Morrissey thinks his Portland concert protesters were “paid for and planted” by British press

There's no evidence the protestors had any ties to Britain or the press

Portland protestors British plant Morrissey, photo by Philip Cosores

Last week, Morrissey refused to perform at his own concert in Portland until protestors holding signs were kicked out. Today, he’s taken to his website to claim that those protestors were “paid for and planted in the crowd by the British press.”

During the Portland show, Morrissey paused his set to address two audience members that were protesting his recent commentary on British politics. One carried a sign that read “BIG MOUTH INDEED,” while the other held one featuring a crossed-out logo of For Britain. Morrissey refused to continue the concert until both protestors were kicked out.

Today, Morrissey took to his website to comment on the whole thing. He posted a picture of the crowd at his most recent San Diego concert. The image’s caption reads, “…no ‘politically offended protestors’ (as paid for and planted in the crowd by the British press) in sight…” Of course, there is no evidence that the protestors at his Portland show were British, were paid to be there, or had any ties to the British press.

(Read: Ranking Every Song by The Smiths from Worst to Best)

Morrissey’s descent into far-right ideologies, racist statements, and general shittiness has been more pronounced as of late. Earlier this year, he claimed he can’t be racist because “everyone ultimately prefers their own race.” He also wrote a long-winded statement explaining his support of For Britain, a far-fight, anti-Muslim political party.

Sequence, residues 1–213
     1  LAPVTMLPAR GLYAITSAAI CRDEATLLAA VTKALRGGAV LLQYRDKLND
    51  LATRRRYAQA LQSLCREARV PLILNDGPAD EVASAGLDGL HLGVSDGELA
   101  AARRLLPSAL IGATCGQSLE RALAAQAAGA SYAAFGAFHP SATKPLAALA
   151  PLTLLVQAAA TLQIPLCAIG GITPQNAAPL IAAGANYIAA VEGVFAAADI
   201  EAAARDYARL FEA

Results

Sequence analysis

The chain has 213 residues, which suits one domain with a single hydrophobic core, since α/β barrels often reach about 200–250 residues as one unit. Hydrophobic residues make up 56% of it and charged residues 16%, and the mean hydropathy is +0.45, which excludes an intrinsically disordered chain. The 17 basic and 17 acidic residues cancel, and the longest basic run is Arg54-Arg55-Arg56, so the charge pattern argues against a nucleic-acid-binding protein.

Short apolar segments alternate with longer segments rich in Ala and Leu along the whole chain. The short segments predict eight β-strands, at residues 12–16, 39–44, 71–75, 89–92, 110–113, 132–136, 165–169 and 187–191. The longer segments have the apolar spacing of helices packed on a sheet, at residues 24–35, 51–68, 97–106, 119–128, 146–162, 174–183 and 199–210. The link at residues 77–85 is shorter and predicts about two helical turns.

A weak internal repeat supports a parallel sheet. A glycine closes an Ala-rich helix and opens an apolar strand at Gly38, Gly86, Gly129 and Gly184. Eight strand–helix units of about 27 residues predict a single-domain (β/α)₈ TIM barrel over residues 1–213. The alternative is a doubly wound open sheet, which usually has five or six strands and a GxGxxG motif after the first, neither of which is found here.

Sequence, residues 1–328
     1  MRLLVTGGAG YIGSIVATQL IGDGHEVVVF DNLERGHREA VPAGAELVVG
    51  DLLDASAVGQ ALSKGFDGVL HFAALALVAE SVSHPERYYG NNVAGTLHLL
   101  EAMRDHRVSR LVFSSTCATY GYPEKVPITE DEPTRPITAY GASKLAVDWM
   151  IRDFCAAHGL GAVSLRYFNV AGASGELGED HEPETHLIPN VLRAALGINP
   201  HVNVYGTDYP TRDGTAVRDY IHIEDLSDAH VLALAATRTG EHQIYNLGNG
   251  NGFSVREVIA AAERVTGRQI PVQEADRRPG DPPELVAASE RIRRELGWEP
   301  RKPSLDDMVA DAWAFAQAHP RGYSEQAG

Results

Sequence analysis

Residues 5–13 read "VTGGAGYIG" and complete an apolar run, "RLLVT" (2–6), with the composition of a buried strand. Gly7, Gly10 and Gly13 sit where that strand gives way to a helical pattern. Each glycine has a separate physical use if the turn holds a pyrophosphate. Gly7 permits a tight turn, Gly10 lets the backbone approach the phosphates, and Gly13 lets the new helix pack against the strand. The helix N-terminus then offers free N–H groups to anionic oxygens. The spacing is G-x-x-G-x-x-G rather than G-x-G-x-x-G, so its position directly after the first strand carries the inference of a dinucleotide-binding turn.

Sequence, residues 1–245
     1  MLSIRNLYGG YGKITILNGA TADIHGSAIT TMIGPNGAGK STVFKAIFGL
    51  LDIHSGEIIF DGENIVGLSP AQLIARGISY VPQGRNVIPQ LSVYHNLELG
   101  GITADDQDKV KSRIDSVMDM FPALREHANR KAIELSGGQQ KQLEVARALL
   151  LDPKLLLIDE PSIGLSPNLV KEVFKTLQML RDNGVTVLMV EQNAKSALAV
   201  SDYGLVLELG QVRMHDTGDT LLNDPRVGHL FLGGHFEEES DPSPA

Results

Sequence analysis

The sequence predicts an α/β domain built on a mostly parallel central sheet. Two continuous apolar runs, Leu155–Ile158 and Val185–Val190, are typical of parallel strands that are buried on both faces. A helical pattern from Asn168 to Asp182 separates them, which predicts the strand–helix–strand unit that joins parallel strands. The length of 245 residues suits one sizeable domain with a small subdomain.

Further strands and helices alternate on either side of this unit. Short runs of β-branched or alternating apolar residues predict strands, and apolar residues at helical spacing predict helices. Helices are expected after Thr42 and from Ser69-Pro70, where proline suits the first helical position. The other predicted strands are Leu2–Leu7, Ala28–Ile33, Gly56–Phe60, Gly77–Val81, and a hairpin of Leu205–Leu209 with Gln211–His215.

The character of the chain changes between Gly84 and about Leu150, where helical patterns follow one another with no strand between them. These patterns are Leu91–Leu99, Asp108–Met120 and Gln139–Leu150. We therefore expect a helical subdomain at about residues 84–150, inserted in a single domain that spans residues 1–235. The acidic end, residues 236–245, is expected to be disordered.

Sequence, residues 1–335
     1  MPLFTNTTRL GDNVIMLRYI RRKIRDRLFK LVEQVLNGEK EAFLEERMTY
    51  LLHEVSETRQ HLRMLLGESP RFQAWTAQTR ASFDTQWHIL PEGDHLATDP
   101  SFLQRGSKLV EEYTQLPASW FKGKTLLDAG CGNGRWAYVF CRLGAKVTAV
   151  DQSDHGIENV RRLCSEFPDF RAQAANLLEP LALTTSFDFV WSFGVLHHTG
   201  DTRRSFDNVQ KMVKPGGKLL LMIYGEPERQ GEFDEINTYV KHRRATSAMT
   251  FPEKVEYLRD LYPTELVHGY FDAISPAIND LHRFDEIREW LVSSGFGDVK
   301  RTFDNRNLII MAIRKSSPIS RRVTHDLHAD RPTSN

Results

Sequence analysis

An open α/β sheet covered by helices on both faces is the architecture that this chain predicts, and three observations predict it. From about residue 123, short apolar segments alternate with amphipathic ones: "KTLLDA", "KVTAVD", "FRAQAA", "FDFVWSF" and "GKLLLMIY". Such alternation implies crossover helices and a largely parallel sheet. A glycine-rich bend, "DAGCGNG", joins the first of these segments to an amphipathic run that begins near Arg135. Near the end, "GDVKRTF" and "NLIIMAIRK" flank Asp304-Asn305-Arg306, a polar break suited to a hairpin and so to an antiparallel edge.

Beyond the concert protestors, Morrissey has been rebuked by many of his musical contemporaries. Billy Bragg slammed Morrissey for his “white supremacist” video post and for “betraying” fans by supporting For Britain. Damon Albarn said Morrissey has no business commenting on UK politics.

Others like Nick Cave, have said Morrissey’s political views are “irrelevant” to his musical legacy. Brandon Flowers, meanwhile, has insisted Morrissey is “still a king” despite his views.

Johnny Marr seems the least bothered by his former bandmate’s behavior or its affect on The Smiths’ legacy. “I’m not worried,” he said. “It’s got nothing to do with my world or my life.”

Morrissey, meanwhile, is busy fanning flames everywhere he can. “We don’t need you! Goodbye! We don’t need you! We don’t need you!” Morrissey originally told the protestors. His staggeringly low ticket sales would imply otherwise.


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